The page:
Photography and video by ©2016 Toni Avery
Not every time, but there are those select few moments when you’re glad to hear just how rare a car is after you drove it. That’s just what happened after a 20 minute jaunt in this one-of-four 1955 Fiat 8V Zagato Double Bubble.
Starting this Italian beauty is an experience in itself. Turn the key and pull out the Choke. The car is overly carbureted so allowing it to warm up is essential. After a passenger seat demonstration ride by the owner, Mr. Kolodziejski, he parked the 8V and I got buckled in.
Strapping myself into the four-point racing harnesses made me miss the track, but I was about to take off in an actual racecar from the fifties. The exact car that Zagato himself raced in 1955. It even ran the Mile Miglia and won other races during its prime.
While the gear shifter may look awfully long and intimidating, it’s connected to an Alfa Romeo five-speed gearbox, which the owner swapped out for the original four-speed. It’s a lovely box, very easy and precise to shift. This is also thanks to a custom-made bell-housing adapter to fit the Alfa box to the 8V engine. The pedals on the other hand are stiff and heavy. When first engaging the trans, I pushed in the clutch as much as I thought it would go and was met with a nasty grinding sound. The clutch pedal travel is much longer than expected and takes some leg muscles to find the end of it.
1955 Fiat 8V Zagato Double Bubble specs:
Engine displacement – 1999 cc
Horsepower – 150 HP (approx)
Torque – 125 lb-ft (approx)
Transmission – upgraded five-speed
Once you get going, the Fiat 8V loudly explains that it was once a racecar turned privately owned car with a booming, carbureted bellowing tone. Each shift is so satisfying and with the one down shift I made (per the owners request) even the slightest amount of gas for a blip is too much. Coming to a stop, well not really, more like a coast to a stop to confirm oncoming traffic is clear, was an event to be planned ahead. The drum brakes are as to be expected, with very little feed back. But the coasting is strategic, as the car really doesn’t like to idle at a full stop unless necessary.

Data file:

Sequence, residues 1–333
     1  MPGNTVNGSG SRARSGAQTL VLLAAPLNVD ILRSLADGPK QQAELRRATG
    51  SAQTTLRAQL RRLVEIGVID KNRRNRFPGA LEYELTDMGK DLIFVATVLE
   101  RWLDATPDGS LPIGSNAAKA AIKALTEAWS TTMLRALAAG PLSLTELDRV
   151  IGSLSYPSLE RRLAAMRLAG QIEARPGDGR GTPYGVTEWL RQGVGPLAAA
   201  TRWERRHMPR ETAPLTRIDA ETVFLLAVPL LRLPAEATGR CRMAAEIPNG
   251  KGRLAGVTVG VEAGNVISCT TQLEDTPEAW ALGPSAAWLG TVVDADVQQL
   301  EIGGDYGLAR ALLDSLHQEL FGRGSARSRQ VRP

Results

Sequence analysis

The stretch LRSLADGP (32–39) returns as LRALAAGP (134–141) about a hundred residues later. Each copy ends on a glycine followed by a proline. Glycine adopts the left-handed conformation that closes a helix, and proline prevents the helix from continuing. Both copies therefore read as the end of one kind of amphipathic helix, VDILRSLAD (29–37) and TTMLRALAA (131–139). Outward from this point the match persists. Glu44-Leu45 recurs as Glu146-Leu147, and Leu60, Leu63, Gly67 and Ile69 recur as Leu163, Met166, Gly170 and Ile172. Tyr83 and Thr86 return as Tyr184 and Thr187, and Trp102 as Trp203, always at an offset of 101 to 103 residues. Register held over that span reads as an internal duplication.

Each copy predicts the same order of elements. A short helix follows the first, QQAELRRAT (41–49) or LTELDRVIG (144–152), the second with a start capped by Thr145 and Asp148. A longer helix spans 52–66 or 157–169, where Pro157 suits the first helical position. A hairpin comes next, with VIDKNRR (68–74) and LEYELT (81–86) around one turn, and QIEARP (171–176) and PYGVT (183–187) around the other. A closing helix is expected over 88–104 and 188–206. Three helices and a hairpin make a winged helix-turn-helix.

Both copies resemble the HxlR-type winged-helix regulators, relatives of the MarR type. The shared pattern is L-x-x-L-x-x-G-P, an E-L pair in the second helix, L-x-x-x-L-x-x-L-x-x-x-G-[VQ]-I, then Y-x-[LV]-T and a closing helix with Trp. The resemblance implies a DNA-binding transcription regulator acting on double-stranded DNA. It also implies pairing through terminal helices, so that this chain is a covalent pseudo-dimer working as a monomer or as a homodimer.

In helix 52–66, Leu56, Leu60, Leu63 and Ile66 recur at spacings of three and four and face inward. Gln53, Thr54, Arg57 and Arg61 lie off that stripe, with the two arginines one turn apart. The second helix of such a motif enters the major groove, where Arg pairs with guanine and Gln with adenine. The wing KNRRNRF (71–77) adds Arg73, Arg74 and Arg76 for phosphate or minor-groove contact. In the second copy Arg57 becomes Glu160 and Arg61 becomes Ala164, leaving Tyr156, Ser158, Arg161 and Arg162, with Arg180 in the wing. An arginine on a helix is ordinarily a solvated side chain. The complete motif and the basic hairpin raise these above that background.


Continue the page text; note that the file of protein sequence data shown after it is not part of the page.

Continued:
I must mention a neat little piece inside the 8V. The turn signal is made of period bakelite and to operate you simply flip the switch the left or right, a light turns on inside the switch and it beeps to let you know it’s on. I couldn’t get over how cool that was.
Steering is stiff, due to its lack of power steering as was standard for this car, but very precise with no play. The 8V is also one of the very first cars to implement entirely independent suspension at all four-wheels. The car is light and with all 150 HP (approx.) its 1900 lb. self gets up and goes. Freeway on ramps have an entirely new meaning in this 8V. It’s so incredibly loud but you forget how precious your hearing is just because the sound is beyond awesome.
One of the coolest things about this car is its extensive racing history. And the fact that Zagato designed the body with his own two hands. It just doesn’t get any cooler than that.
While this particular car hasn’t seen significant mechanical changes with the exception of the custom bell-housing adapter, the motor has been rebuilt twice since Mr. Kolodziejsk acquired the car in 1994. In 1995-96 Mr. Kolodziejsk took the 8V to Zagato himself to get the bodywork finished on the car. The body is made entirely of aluminum and is very susceptible to damage to where even so much as leaning on it could cause a dent. In total it was about a three-year project just in getting the bodywork sorted. Since then the car has been taken on a number of driving events including the Copperstate and the Retro Miglia Milia in 2002.
As with most any classic, there are a few little things here and there that you, as an admirer, may want to modify or to improve upon. As far as the body, condition and originality is concerned I wouldn’t touch a thing! That being said if I were to drive it often (a girl can dream), I might consider replacing at least the front drums with discs simply for more powerful stopping power. You’ve got an absolutely lovely car Mr. Kolodziejsk, enjoy.